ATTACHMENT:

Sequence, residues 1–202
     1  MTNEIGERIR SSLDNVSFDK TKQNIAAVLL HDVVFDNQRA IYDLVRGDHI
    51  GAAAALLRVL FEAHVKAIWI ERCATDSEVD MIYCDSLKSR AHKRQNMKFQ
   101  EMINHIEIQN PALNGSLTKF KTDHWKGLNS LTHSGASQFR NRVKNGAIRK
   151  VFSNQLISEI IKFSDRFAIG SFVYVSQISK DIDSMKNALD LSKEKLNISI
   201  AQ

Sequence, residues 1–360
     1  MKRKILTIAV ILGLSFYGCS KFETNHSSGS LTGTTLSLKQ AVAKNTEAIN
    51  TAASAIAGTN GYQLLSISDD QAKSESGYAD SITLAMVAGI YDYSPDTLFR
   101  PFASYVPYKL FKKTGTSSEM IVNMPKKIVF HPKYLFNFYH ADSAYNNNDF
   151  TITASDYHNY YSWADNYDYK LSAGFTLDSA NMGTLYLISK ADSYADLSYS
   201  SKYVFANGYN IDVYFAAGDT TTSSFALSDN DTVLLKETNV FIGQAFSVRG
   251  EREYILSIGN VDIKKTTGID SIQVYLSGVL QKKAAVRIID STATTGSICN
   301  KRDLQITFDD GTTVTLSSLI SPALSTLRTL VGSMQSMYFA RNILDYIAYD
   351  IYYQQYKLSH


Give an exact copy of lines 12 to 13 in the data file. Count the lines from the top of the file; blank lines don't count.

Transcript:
   201  SKYVFANGYN IDVYFAAGDT TTSSFALSDN DTVLLKETNV FIGQAFSVRG
   251  EREYILSIGN VDIKKTTGID SIQVYLSGVL QKKAAVRIID STATTGSICN